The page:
SCOTTSDALE, Ariz. -- It might mean nothing, but the reigning National League Cy Young Award winner will leave spring training Sunday afternoon with a bad taste in his mouth.
Whether that carries over to Thursday, when Clayton Kershaw will take the mound for the Los Angeles Dodgers' season opener at San Diego, remains to be seen. But the usually dominating left-hander was anything but in his final Cactus League start Saturday -- which the Dodgers won 9-3 over the Arizona Diamondbacks before a sellout crowd of 12,799, the largest in the two-year history of Talking Stick -- and he wasn't happy about afterward.
"It wasn't very good," Kershaw said. "I gave up runs, and I gave up hits. That usually makes for a bad outing."
Because it was his final spring-training tuneup, Kershaw's prescribed pitch count already was going to be tapered back regardless of the result. Manager Don Mattingly came to get him just after Kershaw struck out Paul Goldschmidt for the second out of the fourth inning, a point at which Kershaw had given up three earned runs and six hits, including a bomb of a two-run homer by Jason Kubel in the first inning.
Kershaw said he was missing his spots and that his slider, which he had struggled with in his previous start six days earlier, still wasn't quite right. But when asked if the slider was a concern now that the regular season is upon him, Kershaw said it isn't.
"It can't be," he said. "April 5 is coming up pretty fast. You have to be ready to go."
Dodgers pitching coach Rick Honeycutt says he continues to see good sliders from Kershaw intermittently, but that the inconsistency could be the result of Kershaw trying to force the pitch, especially in light desert air where breaking balls tend not to break as much and where simply getting a proper grip on the ball can be tough.
"But he isn't going to make that excuse, and I'm not going to make it for him," Honeycutt said. "As long as he is healthy, that is the main thing. [The slider] isn't something I'm worried about. He is going to continue to work on it until he feels comfortable with it."
Kershaw finished the spring with a 2.35 ERA that seems pretty impressive at first glance. But when you consider that five of the six runs he gave up were in his final two starts, when he gave up 12 hits over a total of 9 2/3 innings, it is somewhat attention-grabbing. Still, Kershaw said there isn't anything specific he will address in his final bullpen session of the spring Monday in Anaheim and that for the most part, he is where he needs to be.
"Physically, I feel 100 percent," he said. "I feel healthy and ready to go."
The decision on who gets the eighth and final bullpen spot -- the one that opened up when it was determined starter Ted Lilly will begin the season on the 15-day disabled list until the Dodgers need a fifth starter -- probably won't be made until Wednesday. But right-hander Josh Lindblom, who relieved Kershaw in the fourth inning and got Taylor Harbin to fly out to strand a runner, still appears to have the inside track if only because he has a spot on the 40-man roster.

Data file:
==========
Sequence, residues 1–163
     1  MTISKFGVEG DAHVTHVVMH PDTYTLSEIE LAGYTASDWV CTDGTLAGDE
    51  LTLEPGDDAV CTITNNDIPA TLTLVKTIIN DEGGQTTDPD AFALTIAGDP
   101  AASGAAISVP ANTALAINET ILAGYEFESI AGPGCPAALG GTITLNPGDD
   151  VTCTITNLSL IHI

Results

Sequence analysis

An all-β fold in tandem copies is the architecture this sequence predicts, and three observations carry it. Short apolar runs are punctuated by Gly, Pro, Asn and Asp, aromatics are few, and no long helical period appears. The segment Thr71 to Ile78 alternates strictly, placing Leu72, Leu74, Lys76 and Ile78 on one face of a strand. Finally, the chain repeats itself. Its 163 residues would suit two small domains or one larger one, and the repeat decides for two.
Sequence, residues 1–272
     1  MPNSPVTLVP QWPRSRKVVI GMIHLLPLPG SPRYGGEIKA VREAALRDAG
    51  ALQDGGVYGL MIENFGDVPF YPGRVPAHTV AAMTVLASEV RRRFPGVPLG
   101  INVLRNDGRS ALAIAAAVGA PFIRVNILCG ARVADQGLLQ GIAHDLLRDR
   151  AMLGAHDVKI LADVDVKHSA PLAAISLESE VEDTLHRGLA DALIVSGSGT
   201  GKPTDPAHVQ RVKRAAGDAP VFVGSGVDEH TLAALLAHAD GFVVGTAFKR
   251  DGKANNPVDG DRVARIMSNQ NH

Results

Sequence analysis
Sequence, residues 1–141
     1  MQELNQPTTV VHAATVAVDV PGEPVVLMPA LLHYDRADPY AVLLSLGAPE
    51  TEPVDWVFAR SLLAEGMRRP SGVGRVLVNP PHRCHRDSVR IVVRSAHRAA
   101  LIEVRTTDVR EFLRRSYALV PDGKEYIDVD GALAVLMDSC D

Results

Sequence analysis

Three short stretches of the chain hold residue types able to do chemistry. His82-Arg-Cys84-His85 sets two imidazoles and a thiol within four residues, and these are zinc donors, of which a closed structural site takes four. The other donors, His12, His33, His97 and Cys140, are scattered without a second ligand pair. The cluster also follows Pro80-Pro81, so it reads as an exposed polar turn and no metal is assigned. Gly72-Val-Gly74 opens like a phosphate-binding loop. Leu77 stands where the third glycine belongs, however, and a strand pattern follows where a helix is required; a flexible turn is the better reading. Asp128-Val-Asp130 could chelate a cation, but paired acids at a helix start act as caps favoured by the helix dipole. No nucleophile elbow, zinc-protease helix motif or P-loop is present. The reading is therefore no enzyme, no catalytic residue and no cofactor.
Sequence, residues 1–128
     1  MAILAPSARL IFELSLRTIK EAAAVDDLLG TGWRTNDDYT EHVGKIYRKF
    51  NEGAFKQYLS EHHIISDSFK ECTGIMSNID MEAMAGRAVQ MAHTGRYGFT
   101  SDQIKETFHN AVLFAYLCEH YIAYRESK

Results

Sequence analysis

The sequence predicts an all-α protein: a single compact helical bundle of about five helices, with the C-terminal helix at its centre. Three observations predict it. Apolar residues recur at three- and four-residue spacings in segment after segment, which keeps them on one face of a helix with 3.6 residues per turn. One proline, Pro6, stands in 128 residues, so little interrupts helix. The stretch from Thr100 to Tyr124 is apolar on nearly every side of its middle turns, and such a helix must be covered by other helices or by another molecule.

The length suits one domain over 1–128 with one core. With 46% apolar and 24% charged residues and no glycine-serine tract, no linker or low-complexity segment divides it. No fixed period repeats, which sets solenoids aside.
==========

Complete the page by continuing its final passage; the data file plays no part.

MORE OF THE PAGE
Mattingly continues to insist that non-roster, minor league journeyman Scott Rice is still in the mix, and without him the Dodgers will have only one lefty in an eight-man bullpen. Rice's ERA for the spring also is a half-run better (3.86) than Lindblom's (4.36) after Rice pitched 1 2/3 scoreless innings against the Diamondbacks.
But with the 40-man already full, and while one spot can easily be filled by placing reliever Ronald Belisario on the suspended list as he serves the 25-game timeout he still has to do when the season starts, the Dodgers may need that spot for non-roster infielder Josh Fields, the only player competing for a bench spot who would provide right-handed power off the bench. It is tough to see at this point how the club could clear another spot for Rice.
Still, with Fields now in a 1-for-15 swoon with six strikeouts, it is possible that utility infielder Justin Sellers gets that last bench spot, so the move with Belisario could clear a 40-man spot for Rice, especially since Lindblom still has minor league options.
But, Lindblom is something of a known commodity, having posted a 2.73 ERA in 27 big league appearances as a rookie last season.
"[Lindblom] has had a pretty good camp," Mattingly said. "I think he and Scotty have both had good camps. Both guys have been throwing the ball good."
And that is as definitive an answer as Mattingly is willing to give at this point.
Outfielder Trent Oeltjen, who had no realistic shot of making the opening-day roster anyway, was optioned to minor league camp after the game. ...
The Dodgers (14-12-4) will complete the Cactus League portion of their spring-training schedule Sunday against the Diamondbacks, this time at Camelback Ranch. Chad Billingsley will make his final start of the spring, an abbreviated one, before getting the ball for the second game of the season on Friday night in San Diego. ...
Infielder Adam Kennedy, who hasn't played since suffering a slight right-groin pull, did fine in a minor league intrasquad game on Saturday morning and appears to be on track to begin the season healthy. He could play in Sunday's game against the Diamondbacks.